I happen to like chickens. I don’t have any real ones myself, just the milk glass variety, but my friends and family will tell you how I have to stop and look at them and take their picture if I see them.
As a matter of fact more than one of my old neighbors in Lower Merion Township, in the heart of the Main Line kept chickens. Never roosters, but laying hens. Just a couple, not a Perdue Farm’s worth. They caused no problems and all had beautifully constructed pens that were basically fancy-schmancy chicken condos. They were even heated in the winter.
Yet here we are in Chester County and as per the Daily Local, Malvern Borough will contemplate oodles of condos no one wants built ghetto close to everything and everyone, but if you don’t have three acres in the borough you can’t have a chicken? How does that work exactly? Are you telling me that in a county where you need two acres per horse you need in Malvern Borough 3 acres for a bird that weighs less than a horse’s tail?
Chickens are cool and there is nothing better than literally farm fresh eggs, so I think this is silly. Heck I have neighbors now who have chickens. I never hear them, never see them, never smell them. Chickens are and should be a non-issue.
Come on Malvern Borough, if you can let developers into your cute town, why not a couple of chickens? And incidentally, Radnor Township is afraid of chickens too apparently. (Read Radnor Board of Health mulls fowl problem )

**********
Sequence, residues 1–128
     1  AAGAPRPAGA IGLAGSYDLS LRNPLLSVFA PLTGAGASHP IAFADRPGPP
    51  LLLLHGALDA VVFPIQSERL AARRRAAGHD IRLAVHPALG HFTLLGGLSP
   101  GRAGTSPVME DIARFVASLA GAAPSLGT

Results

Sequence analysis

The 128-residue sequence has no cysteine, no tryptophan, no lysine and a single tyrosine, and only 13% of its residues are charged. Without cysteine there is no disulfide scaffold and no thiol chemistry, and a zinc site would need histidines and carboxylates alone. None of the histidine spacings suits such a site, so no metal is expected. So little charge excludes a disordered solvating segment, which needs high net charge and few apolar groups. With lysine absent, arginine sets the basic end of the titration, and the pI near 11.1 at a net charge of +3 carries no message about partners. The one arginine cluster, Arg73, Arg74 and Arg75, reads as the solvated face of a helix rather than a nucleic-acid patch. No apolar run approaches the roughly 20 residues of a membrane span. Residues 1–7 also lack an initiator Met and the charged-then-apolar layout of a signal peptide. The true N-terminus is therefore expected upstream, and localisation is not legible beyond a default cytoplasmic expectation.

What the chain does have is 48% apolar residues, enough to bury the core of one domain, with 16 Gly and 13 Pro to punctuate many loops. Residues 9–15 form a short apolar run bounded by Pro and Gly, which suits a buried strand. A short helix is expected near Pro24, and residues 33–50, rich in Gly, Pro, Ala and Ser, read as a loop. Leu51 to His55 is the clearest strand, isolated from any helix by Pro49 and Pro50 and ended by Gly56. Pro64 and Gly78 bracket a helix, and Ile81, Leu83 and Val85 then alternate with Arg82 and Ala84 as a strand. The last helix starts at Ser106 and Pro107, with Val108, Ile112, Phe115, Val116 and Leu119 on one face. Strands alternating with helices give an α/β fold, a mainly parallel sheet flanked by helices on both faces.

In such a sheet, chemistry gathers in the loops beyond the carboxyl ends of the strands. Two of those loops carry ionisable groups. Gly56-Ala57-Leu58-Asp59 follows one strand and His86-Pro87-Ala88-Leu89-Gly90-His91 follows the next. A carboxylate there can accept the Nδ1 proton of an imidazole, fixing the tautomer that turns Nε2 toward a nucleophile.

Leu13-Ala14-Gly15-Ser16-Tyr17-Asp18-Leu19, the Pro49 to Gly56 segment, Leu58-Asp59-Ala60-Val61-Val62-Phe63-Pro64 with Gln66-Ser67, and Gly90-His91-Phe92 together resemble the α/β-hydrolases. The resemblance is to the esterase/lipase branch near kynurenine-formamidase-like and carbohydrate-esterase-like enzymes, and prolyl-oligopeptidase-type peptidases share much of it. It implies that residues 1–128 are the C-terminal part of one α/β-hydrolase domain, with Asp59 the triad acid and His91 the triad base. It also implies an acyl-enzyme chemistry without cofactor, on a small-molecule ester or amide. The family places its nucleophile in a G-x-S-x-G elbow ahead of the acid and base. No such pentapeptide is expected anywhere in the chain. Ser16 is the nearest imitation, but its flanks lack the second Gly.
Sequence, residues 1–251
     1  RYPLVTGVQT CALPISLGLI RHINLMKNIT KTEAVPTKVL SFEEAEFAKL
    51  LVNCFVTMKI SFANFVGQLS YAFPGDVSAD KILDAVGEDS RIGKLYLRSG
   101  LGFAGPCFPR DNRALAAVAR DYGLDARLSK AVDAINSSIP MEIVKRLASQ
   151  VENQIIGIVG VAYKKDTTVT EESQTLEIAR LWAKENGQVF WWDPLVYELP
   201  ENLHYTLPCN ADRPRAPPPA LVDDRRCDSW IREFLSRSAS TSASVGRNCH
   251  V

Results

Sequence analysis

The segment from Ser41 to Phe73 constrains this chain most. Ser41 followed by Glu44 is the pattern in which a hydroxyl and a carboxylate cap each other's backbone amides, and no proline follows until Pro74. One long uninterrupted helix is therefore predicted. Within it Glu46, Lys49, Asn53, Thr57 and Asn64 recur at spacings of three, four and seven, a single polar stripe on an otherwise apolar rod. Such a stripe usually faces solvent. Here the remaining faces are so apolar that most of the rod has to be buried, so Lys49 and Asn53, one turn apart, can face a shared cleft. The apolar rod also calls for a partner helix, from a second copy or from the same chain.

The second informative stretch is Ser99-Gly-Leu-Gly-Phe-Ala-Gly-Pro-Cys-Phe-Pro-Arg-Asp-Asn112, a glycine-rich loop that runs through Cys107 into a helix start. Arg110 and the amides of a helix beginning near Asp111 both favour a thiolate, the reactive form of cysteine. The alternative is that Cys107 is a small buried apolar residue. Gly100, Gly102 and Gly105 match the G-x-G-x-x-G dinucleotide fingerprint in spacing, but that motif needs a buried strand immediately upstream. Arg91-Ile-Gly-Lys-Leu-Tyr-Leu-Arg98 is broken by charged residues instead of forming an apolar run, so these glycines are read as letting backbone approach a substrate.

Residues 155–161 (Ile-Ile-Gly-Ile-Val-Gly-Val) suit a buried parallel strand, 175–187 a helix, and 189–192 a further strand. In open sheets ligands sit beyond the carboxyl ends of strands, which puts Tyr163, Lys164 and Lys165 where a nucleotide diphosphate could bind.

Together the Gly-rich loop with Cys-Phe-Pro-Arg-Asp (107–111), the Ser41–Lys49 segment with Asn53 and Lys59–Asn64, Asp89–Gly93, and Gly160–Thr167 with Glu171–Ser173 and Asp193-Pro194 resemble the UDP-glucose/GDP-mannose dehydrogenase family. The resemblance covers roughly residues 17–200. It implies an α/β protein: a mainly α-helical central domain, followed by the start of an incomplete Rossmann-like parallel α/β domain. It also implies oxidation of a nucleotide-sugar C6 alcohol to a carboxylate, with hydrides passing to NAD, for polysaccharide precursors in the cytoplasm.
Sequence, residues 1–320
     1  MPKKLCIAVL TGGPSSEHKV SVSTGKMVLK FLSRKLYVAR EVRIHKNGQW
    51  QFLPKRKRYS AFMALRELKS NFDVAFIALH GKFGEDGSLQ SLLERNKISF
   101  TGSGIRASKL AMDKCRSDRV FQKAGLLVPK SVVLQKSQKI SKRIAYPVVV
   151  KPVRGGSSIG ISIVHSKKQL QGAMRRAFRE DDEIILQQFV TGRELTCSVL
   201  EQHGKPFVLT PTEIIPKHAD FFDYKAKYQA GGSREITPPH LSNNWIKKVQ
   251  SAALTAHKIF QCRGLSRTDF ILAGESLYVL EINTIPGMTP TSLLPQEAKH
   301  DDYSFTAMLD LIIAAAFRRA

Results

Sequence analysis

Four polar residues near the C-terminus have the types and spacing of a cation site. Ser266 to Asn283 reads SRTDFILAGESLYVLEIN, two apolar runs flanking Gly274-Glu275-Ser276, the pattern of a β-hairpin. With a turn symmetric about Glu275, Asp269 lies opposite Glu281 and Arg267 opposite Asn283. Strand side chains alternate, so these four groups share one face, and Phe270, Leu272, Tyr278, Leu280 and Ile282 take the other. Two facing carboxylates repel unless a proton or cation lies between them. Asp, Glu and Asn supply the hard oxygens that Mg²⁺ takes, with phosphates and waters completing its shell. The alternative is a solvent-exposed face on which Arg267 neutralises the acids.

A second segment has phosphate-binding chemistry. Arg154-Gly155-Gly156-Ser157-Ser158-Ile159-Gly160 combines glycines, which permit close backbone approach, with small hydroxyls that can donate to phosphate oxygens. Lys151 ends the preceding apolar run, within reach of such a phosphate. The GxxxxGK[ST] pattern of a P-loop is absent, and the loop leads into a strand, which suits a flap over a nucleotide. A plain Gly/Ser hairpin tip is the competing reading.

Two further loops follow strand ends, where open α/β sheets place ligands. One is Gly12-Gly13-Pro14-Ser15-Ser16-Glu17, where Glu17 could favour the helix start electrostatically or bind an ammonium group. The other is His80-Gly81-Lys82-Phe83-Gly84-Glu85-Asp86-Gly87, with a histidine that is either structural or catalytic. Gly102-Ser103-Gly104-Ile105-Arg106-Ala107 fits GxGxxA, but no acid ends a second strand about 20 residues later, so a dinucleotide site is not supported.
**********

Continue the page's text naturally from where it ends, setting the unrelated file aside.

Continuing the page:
Anyway, here’s hoping those new borough people and the mayor can become friends of fowls. I can see not having them in places like condo developments or trailer parks where people have no yards, but a limited number of chickens well cared for in a back yard? Where is the harm?
Here’s the article:
By Kendal Gapinski, Daily Local News
Posted: 01/24/14, 4:09 PM EST
MALVERN – A small group of residents are looking to change the borough’s ordinance to allow for families to raise a limited number of chickens for eggs.
Ken Neeld and his family have been working to rewrite the borough’s ordinance to allow for families to own “backyard chickens” to collect eggs. Neeld said after looking at other urban and suburban ordinances that allow for chickens, he and his wife worked to draft an ordinance that would please neighbors while allowing residents to raise the animals.
Neeld said his family first became interested in raising their own chickens for eggs around 2012 after visiting the Malvern Farmers Market and learning more about the benefits of eating local foods. He said that his daughters approached him about possibly raising their own chickens to get eggs instead of relying on mass produced ones.
“We don’t want to promote anything that is not good for the animals or for us,” Neeld said. “We wanted to give it a try.”
According to Borough Manager Sandra Kelley, the zoning ordinance classifies chickens and poultry as livestock. Under that zoning ordinance, there must be three acres for the first chicken, and then 0.1 acres for each additional one. Kelley said she was not aware of any movement to allow chickens to be raised in backyards in the borough.
Neeld said that while some residents may be concerned about noise, the ordinance he is proposing limits the number of chickens, follows the borough’s noise ordinance and does not allow for roosters, which can be loud…..He also noted that chickens eat fleas, ticks and leftover food scraps that can lower the amount of waste in households.
“There’s very little downside to it,” Neeld said.
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